Incumbent mayor Justin Elicker to face challenger Liam Brennan in Democratic primary
The primary, which will be held on Sept. 12, will feature only these two candidates after two other challengers failed to make the ballot.
Courtesy of Liam Brennan (left), Yale Daily News (right)
In less than two weeks, incumbent mayor Justin Elicker will face former Hartford Inspector General Liam Brennan in the New Haven Democratic primary, which will likely decide the mayoral race in the majority-Democratic city.
Elicker secured his spot on the primary ballot by winning the endorsement of the Democratic Town Committee in July. Brennan, who declined to be nominated for the committee’s endorsement, petitioned his way onto the ballot by gathering 1,850 signatures from registered Democrats in the city. Brennan was the only prospective candidate to collect enough valid signatures — 5 percent of registered Democrats in the city, or 1,623 signatures — to contest Elicker in the primary.
“As we’ve done … since April, we are knocking on doors every single day,” Brennan told the News. Brennan predicted that his campaign will soon knock every door in the city at least twice. Over months, his campaign made over 53,000 calls to voters.
Brennan credited his successful petition campaign to a focus on the quality and validity of signatures they were collecting.
The mayoral challenger said that while talking to voters, he saw a demand for a responsive, accountable government and the “innovative local governance” he plans to bring to City Hall.
While campaigning, Brennan has focused on the city’s affordable housing crisis, which he hopes to alleviate by modifying zoning regulations. He told the News he believes that the climate emergency the city declared in 2019 provides necessary authority for this action.
Elicker is also optimistic about his reelection campaign, which he said is going “as planned.” Elicker told the News that the campaign has been meeting its fundraising goals and receiving “strongly supportive” feedback across the city.
Elicker focuses his messaging on housing, public safety and education — which he says are the most pressing issues in New Haven. He believes that, over the last four years, his administration has achieved considerable progress, citing the building or refurbishment of approximately 900 affordable units and the creation of after-school and summer tutoring programs for students.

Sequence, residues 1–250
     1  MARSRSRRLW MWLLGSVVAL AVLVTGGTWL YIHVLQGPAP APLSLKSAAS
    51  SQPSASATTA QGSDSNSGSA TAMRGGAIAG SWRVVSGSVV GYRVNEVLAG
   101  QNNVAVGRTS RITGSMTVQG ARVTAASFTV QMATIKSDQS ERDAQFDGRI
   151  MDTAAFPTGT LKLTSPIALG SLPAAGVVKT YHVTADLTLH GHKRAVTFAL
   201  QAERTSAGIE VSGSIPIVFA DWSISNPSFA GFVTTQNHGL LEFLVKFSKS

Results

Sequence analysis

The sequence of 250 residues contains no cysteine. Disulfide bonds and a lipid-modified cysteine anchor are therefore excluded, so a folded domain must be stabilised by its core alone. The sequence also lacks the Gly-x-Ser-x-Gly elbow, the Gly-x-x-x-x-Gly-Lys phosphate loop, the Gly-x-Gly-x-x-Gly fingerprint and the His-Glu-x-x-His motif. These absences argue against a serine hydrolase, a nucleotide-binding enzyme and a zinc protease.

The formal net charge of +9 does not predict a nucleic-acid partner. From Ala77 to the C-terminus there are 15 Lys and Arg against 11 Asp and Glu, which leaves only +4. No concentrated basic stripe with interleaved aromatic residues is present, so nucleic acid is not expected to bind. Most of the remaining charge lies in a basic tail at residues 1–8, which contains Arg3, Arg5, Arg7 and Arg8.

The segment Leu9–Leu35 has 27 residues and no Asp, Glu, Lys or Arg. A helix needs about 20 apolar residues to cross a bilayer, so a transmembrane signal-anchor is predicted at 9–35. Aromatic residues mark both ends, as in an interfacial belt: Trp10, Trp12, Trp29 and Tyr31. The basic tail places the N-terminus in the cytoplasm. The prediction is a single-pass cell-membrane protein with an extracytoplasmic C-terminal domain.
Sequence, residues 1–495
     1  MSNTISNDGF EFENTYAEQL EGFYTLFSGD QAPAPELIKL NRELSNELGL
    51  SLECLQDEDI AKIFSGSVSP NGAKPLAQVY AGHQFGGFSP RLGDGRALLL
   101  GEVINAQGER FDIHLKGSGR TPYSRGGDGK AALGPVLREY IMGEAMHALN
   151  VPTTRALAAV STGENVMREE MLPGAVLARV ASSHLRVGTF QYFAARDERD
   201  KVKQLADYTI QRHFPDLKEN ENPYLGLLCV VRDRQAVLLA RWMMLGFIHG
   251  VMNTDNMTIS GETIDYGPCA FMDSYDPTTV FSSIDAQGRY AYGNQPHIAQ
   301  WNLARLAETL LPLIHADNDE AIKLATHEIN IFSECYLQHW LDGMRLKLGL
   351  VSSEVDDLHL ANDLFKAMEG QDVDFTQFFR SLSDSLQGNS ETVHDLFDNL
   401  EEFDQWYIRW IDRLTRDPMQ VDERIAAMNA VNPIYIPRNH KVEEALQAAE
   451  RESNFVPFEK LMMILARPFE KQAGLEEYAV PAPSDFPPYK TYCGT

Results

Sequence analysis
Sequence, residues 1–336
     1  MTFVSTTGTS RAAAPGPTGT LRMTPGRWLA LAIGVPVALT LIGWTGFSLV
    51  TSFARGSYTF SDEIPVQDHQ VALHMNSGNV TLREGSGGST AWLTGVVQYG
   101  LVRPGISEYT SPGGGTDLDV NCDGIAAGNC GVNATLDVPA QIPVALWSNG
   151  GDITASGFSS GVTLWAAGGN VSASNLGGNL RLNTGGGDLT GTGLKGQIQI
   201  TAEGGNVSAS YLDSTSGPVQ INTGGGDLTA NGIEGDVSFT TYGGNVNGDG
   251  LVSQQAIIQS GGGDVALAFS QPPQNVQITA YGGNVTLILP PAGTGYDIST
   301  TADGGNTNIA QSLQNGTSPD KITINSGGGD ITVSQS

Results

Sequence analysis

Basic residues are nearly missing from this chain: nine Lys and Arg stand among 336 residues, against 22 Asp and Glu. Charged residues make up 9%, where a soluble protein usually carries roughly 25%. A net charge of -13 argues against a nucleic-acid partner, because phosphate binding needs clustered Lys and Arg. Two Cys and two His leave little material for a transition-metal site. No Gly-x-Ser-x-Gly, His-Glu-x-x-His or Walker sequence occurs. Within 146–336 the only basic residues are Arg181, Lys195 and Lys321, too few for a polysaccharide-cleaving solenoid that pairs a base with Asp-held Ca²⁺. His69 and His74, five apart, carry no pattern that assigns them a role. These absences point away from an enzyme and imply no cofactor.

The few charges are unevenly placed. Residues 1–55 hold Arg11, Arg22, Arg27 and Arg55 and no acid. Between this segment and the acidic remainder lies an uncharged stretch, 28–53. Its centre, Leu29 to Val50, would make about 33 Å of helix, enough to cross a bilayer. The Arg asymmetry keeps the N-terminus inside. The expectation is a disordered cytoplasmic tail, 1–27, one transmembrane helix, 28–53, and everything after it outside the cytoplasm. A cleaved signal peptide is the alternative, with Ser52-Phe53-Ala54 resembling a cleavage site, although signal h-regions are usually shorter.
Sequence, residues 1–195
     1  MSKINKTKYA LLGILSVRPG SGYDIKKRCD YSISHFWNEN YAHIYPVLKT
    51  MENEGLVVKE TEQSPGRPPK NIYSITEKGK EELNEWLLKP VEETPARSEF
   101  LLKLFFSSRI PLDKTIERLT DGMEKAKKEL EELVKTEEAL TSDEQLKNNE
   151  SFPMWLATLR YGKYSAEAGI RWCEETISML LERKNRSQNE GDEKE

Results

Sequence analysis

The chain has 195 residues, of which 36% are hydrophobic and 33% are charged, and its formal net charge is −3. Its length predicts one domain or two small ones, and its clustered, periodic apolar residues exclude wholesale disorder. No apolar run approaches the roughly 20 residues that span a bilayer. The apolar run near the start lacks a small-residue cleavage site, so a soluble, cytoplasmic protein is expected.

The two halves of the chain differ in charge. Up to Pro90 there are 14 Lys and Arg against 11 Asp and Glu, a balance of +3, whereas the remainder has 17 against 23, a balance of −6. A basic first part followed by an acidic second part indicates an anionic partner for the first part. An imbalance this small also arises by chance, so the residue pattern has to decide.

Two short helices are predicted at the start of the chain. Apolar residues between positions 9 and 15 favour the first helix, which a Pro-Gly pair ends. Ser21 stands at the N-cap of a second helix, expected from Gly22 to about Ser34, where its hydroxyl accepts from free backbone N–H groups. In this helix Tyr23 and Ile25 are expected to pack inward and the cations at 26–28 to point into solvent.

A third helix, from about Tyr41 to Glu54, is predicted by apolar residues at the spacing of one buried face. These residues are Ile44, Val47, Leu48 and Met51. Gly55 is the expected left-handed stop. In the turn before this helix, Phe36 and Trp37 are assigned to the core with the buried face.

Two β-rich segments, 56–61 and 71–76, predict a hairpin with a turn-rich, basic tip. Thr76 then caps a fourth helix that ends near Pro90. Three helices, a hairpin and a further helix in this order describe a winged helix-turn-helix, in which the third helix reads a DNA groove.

Shafiq Abdussabur, a retired police sergeant and former alder, and Tom Goldenberg, a former management consultant, also petitioned to be on the Democratic primary ballot, but both fell short of the signature threshold. They collected 1,406 and 1,122 valid signatures, respectively.
The city clerk’s office disqualified petition signatures from both Abdussabur and Goldenberg after finding that they came from signers who were either not registered Democrats or not New Haven residents, which prevented the two candidates from making the primary.
Abdussabur attempted to sue his way onto the primary ballot. In a ruling Wednesday morning, Superior Court Judge Paul R. Doyle decided that Abdussabur would not be on the primary ballot.
Abdussabur will still be on the November ballot, however, because he has since registered to run as an independent. In a Thursday press conference, he said that his campaign is currently figuring out its next steps.
Goldenberg will also appear on the November ballot, but as a Republican — the party cross-endorsed him.
“I’m not necessarily disappointed in not participating in the [Democratic] primary. We’re going to have a shot in November,” Goldenberg told the New Haven Independent.
Nevertheless, the outcome of the mayoral race is likely to be decided in the primary — in every mayoral election since at least 2013, the Democratic nominee has gone on to win the general election in New Haven.
Neither Elicker nor Brennan registered as independent candidates for the November election, and only the primary winner will proceed to the ballot as a Democrat.
“I am a member of the Democratic party … and that’s where I think the best way to make the change that we need to make … plays out,” Brennan said, explaining his decision not to file as an independent. “I [am not going] to waste my time or the city’s time on that. This is not for my personal ego.”
As for Elicker, he said he counts on winning the primary.
“We are gonna push very hard to get people to the polls,” Elicker said. “Turnout is always a very important thing for us to accomplish in the city.”
Besides continuing to knock on doors and make phone calls, Brennan also plans to reach out to university students in New Haven.
“There are a lot of progressive students out there who want to see change and who want to believe in government,” Brennan said.
The two candidates will meet in a one-on-one debate on Sept. 5 and participate in a conversation at Yale Law School on Sept. 7.
Registered voters in New Haven who are also registered Democrats can cast their ballot in the Democratic primary on Sept. 12.